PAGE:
From Charles Dickens to Sylvia Plath to Eminen, many of the world’s most creative adults had a turbulent childhood. Now Gerry Anderson, the creator of Thunderbirds and Stingray, all of whose shows have no mother character, can be added to the list.
Previously unbroadcast interviews reveal that Anderson’s work lacked matriarchal figures because Anderson was so traumatised by his own relationship with his mother.
A forthcoming documentary draws on more than 30 hours of interviews with Anderson, recorded years before his death in 2012, but not released until now.
He had found worldwide success, delighting generations of fans with 18 series and four feature films, which included Space: 1999 and Captain Scarlet. But Anderson had never got over the death of Lionel, his older brother, a handsome and heroic pilot who had died during the second world war; he also never recovered from the shock of hearing their mother, Debbie, say: “Why was it Lionel? It should have been you.”
Gerry was then 12, and had idolised his brother, who was 20 when his plane was shot down in 1942. Their mother had always focused her love on Lionel rather than on Gerry or her husband, Joe, whom she repeatedly humiliated during the course of their marriage.
Anderson recalled in those interviews: “My mother was … always saying how she … hated the marriage. The mixture was explosive. I had the most miserable childhood.”
He added: “My mother used to humiliate him and, when I was a kid, used to say to me jokingly, ‘come on, you ugly devil, you look more like your dad every day of the week.’ It used to break my heart because I was brought up to think my father was ugly, so when she’d say that to me, I used to get very upset.”
It took its toll on his confidence: “I always feel that I have failed.”
Anderson’s son, Jamie, appears in the documentary, Gerry Anderson: A Life Uncharted, and is one of its producers. He told the Observer that Anderson’s troubled childhood had had a profound effect on his work and that, while there are no mothers in any of his shows, the heroes are pilots and strong characters who embody elements of his brother.
In those interviews, Anderson also recalled that his interest in space travel was inspired by Lionel: “I remember my brother [saying], ‘assuming it were possible to fly in a straight line across the universe, you must eventually come to the edge of the universe and if so, what is beyond?’. Well, of course, that kind of mind-boggling question really set me thinking and has kept me going until today.”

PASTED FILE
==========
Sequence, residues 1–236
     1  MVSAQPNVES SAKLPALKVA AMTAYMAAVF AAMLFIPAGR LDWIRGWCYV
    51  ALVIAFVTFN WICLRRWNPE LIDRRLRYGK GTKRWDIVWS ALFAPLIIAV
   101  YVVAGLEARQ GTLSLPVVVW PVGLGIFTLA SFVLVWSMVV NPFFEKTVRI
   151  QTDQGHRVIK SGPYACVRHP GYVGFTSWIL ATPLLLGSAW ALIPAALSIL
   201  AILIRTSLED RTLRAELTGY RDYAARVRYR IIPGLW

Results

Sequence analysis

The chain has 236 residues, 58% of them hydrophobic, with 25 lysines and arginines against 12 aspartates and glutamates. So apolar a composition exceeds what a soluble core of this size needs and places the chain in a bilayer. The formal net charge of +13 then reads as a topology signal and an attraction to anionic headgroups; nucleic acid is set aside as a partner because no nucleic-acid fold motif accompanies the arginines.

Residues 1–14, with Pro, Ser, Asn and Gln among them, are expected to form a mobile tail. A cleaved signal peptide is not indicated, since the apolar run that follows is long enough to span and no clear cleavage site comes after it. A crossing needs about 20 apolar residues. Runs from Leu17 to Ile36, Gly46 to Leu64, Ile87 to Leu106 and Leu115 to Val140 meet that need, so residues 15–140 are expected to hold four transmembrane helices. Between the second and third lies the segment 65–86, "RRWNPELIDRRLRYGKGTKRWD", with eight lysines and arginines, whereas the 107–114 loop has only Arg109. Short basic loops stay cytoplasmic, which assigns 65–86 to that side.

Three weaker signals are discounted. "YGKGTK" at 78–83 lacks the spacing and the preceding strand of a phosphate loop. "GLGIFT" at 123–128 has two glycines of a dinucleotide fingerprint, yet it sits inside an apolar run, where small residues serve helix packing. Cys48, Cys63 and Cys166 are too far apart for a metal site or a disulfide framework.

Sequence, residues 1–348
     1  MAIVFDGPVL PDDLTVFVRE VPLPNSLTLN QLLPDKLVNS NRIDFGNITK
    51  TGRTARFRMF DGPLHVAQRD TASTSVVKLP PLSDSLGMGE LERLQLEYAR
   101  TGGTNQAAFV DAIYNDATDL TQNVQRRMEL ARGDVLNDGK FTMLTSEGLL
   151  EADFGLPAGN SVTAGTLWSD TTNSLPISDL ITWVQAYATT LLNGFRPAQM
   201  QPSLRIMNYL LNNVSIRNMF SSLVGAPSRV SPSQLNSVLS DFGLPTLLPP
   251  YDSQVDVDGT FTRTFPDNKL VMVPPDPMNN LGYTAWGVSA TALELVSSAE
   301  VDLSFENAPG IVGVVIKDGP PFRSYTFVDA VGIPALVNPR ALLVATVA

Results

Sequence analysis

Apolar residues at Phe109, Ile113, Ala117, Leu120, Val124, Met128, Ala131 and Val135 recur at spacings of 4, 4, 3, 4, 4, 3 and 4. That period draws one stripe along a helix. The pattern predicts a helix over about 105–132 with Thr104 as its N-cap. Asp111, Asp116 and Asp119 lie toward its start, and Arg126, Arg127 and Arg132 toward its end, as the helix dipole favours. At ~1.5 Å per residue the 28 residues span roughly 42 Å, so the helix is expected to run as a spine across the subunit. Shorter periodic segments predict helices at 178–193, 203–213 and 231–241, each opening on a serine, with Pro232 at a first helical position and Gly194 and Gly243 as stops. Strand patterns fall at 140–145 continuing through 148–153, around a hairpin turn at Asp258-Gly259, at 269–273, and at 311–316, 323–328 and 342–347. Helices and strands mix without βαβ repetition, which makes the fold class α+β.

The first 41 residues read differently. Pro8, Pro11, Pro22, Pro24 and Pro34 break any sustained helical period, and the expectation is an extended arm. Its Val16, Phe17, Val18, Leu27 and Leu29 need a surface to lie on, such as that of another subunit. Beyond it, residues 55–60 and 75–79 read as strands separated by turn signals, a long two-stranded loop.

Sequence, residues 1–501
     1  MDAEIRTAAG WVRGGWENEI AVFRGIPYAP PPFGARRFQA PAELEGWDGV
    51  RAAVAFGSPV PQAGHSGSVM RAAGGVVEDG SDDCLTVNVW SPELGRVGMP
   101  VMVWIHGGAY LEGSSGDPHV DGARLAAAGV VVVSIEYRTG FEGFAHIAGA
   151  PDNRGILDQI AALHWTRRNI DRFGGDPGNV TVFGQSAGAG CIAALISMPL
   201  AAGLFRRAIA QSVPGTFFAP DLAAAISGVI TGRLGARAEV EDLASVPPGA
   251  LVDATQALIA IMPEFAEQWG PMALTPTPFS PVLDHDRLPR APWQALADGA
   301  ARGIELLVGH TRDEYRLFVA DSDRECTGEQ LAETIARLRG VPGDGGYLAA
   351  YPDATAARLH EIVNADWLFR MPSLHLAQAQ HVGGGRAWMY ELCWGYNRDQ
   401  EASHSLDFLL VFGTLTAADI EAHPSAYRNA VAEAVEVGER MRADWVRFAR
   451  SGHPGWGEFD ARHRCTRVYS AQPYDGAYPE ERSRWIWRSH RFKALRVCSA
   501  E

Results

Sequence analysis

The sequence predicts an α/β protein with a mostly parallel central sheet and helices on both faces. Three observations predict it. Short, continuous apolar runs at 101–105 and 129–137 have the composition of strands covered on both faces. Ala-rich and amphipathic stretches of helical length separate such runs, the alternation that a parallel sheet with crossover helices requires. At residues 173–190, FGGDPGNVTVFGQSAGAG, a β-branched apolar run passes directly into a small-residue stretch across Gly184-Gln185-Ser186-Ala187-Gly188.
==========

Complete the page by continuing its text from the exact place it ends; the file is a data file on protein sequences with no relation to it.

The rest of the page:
Jamie Anderson said that the recordings were never meant for publication: “It was my decision to allow them to be out in the world.”
He said that Debbie’s chilling remark to her son was “unforgivable”, adding: “You’ll never forget someone saying something like that, and we have got footage of him repeating it almost verbatim. He’d internalised it so much. In every single show, you’ve got a strong father figure, you’ve got Jeff Tracy and Colonel White. But there are no mothers.
“His mother manipulated him. She spent his entire childhood making out that Joe was useless, lazy and ugly. He grew up believing that was the case, essentially being gaslit by his own mother. His parents’ failings would see Dad try to create his perfect childhood on screen, filled with toys and gadgets, but no mothers.”
In the interviews, Anderson said: “My brother, and I’m quite serious when I say this, he really should have lived, and I should have been the one who was killed. I just feel that really he was more suited to go through this life than I was. I would happily have swapped places with him.”
Yet such is the following for Anderson’s work that it reaches up to 15 million people a month on social media, Jamie said: “We’ll see clips go across Facebook and suddenly they’ve got one million views. There are still loads of fans out there. The shows are amazingly timeless.”
The documentary, Gerry Anderson: A Life Uncharted, is available on BritBox from 14 April and receives its world premiere at the BFI Southbank on 9 April